Bollywood’s Bad Girl Problem
A few months ago, I got into a discussion about Bollywood with a film studies professor at my alma mater in Chicago. He was designing a syllabus for a class on Hindi cinema, and had asked to consult with me on the subject of women and sexuality in Hindi films.
Madhuri Dixit in Sailaab and Sridevi in Mr. India.
Obviously, Sridevi and Madhuri Dixit were central to this discussion. After Zeenat Aman and Parveen Babi spent the ‘70s taking Hindi cinema where no actress had taken it before, Bollywood of the ‘80s continued giving us hitherto unseen glimpses of female sexual desire. Think about Madhuri in Sailaab, writhing on a stage, singing ‘Humko aaj kal hai…’, or Sridevi in Mr. India, dancing in the rain to ‘Kaate nahin katte’. These songs are about little more than female desire at its purest. They are not directed at any man in particular (or are directed at a man the woman hasn’t even seen yet), and are uncontaminated expressions of the woman’s sexual craving.
There was, however, always a ploy within the film that justified this sexuality, and placed it in the realm of what was acceptable to the overall patriarchal structure of the film. In Sailaab it was made perfectly clear that the character Madhuri Dixit played wasn’t really like the one we saw in the song, because the song is merely a performance. In Mr. India, similarly, it was okay for Sridevi’s character to express unbridled desire because we, as the audience, knew something she didn’t: the man she was singing to was the one we were rooting for, the one we knew she would fall in love with.
“Of course, that must have changed now,” said the professor. “Hasn’t Bollywood come a long way from a place where female sexuality and individuality needs to be justified, or contained in some way? Aren’t Bollywood movies a lot more permissive now with female characters in general, regarding sexuality and social behaviour?”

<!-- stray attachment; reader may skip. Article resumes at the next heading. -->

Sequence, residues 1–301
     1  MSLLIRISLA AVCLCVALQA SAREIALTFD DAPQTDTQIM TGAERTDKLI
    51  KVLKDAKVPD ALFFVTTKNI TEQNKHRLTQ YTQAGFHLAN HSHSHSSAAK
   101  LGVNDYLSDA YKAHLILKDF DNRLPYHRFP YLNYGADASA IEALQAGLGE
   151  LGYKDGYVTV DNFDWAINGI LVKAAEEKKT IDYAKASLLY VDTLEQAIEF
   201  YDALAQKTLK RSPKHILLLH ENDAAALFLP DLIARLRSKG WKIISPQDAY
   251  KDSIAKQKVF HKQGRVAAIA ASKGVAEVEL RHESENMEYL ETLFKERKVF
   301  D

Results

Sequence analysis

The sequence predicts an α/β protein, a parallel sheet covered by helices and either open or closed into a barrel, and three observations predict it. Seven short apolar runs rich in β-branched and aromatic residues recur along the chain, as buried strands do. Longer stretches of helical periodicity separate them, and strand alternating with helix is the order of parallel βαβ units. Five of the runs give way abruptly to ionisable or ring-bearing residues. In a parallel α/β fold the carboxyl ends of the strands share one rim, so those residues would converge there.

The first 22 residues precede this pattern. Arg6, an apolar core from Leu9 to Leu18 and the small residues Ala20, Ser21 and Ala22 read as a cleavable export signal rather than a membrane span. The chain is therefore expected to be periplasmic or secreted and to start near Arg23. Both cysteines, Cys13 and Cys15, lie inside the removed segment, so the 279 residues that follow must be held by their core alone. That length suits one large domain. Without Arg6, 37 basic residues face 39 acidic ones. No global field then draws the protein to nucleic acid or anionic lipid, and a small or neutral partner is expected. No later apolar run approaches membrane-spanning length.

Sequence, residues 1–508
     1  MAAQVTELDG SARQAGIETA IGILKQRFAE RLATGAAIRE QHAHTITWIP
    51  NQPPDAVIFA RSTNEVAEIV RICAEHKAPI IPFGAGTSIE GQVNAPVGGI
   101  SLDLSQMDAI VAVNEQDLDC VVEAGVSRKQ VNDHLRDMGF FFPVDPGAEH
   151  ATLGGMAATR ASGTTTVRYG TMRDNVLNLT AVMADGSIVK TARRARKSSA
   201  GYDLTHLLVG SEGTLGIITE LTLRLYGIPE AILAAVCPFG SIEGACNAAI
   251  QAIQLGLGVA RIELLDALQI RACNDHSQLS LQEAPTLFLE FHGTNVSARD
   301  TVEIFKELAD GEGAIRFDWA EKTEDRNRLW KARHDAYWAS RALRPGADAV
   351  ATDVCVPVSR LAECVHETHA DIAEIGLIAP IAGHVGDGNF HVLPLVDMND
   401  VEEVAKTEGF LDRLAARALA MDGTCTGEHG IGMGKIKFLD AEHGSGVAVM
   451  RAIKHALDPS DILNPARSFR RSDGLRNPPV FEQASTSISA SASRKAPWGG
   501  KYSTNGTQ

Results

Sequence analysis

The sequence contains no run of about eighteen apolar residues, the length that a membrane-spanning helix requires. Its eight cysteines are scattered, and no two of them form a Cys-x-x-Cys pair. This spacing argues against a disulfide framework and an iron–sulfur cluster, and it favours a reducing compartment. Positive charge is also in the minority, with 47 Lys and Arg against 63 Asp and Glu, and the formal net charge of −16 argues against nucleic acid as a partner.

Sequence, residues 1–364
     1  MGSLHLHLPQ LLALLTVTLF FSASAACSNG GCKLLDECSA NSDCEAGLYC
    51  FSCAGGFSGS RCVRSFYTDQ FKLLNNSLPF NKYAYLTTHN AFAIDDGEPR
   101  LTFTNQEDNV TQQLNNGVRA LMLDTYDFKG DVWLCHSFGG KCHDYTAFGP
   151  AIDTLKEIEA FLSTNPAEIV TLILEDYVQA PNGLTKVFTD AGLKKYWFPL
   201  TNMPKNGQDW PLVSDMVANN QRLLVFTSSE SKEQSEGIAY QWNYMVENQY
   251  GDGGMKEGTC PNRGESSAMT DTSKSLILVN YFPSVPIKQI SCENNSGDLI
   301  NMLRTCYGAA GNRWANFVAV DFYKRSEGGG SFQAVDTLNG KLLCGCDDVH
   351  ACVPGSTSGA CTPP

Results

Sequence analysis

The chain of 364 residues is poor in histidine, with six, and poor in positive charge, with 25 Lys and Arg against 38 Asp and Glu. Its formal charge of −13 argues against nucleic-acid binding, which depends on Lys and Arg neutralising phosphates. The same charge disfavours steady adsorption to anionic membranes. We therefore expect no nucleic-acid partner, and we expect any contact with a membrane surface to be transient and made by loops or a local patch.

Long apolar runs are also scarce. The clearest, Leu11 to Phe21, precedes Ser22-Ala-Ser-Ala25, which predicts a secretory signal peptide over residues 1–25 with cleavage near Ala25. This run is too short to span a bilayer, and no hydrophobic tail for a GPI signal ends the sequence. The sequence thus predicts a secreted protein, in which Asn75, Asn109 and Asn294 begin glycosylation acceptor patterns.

My immediate impulse was to say yes, of course Bollywood is more permissive now. After all, the era of the simpering, wallflower heroine who waits in the wings, ready to don her damsel-in-distress hat, her perfect-daughter-in-law hat, or her only-my-husband-can-undo-my-chastity-belt hat is long gone. Female characters in Bollywood today have careers, they party with friends, they drink, and they aren’t shy about their sexuality.
But does this mean Bollywood is more permissive with female characters than it was two or three decades ago? If you think about it, you will realise that the answer is no.
In Break Ke Baad, Aaliya (Deepika Padukone) breaks up with Abhay (Imran Khan) when she decides she wants to go abroad to study and forge a career.
Let’s consider two recent films that are largely considered to be narratives about modern, non-traditional relationships, and bold, strong women: Break Ke Baad and Heroine. Break Ke Baad shows us the romance between a young couple that ends when the girl, Aaliya (Deepika Padukone), decides she wants to go abroad to study and forge a career. After some completely unnecessary and off-putting passive-aggressive drama, her boyfriend Abhay (Imran Khan) finally ‘lets’ her go, but then immediately decides to follow her to Australia, despite the fact that Aaliya has made it clear she no longer wises to be with him. The film works until this point as an interpretation of the complications of a modern relationship. Aaliya wants to try new things, and Abhay finds it difficult to let go of her. Sure, Abhay is annoying and out of line most of the time, but those major character flaws apart, it is easy to ignore him. I thought the moment in the film when Aaliya finally convinces him to leave her alone and return to India was a massive victory, something that would enable her to be truly free to explore her new life, and live it up as a young, independent woman. That would be a great ending, right?